Mae took Rachel on the old path through the thicket of leafless thorn and blueberry bushes, green and gray, spreading like waves across the peaks and gullies of the forest floor. She pointed out memory-haunts: “We used to hunt for letter boxes with the Flame-wings under those logs. We built a fort around that tree. Here’s where we played bows and arrows with the Green Singers…”

Rachel asked a few questions, but mostly chattered as they neared the pond. They turned right into the opening in the trees and braced their feet against tree roots to get safely down the hill.

The spruces and oak trees were shades of brown, light green, and gray around the still surface of the pond. The water was dark, half-covered with a thin layer of ice melted into slush. 

“Come see,” Mae said, gesturing to Rachel. She led her niece to the pond’s edge, where tree roots stuck out from the eroded earth and disappeared into the water.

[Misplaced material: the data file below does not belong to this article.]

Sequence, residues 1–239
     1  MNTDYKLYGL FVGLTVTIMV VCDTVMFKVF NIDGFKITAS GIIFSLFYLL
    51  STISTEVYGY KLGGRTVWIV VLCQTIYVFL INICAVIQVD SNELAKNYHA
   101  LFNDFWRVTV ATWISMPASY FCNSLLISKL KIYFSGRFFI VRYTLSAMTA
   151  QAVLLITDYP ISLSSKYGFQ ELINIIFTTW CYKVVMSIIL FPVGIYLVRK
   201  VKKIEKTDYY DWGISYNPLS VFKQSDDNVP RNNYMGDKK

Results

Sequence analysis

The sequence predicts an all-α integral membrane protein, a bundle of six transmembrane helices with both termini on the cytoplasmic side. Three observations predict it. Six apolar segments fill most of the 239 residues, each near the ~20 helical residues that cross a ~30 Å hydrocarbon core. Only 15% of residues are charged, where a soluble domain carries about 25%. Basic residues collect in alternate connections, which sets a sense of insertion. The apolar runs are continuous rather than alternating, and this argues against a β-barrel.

From this angle, they could see a misty shape above the ice: a castle with spiked towers like the tops of pine trees.

“Oh,” said Rachel. 

“It’s a reverse reflection,” said Mae. “The real castle is underneath. The Lily Queen let us swim down there sometimes to see it.” 

“Can we…?” Rachel asked, looking from Mae to the pond.

“No, sweetheart, it’s too cold to swim,” said Mae. “But if we’re quiet, the Mist Maker will put on a show for us.” 

Rachel took in a low, excited breath and held it. Mae squeezed her hand as new shapes formed above the pond: two girls chasing creatures like winged foxes, a fir tree transforming into a tower, a boy riding a sea serpent.

They watched things remembered or longed for rising from the warming air, the melting ice, the thawing soil, the waking earth.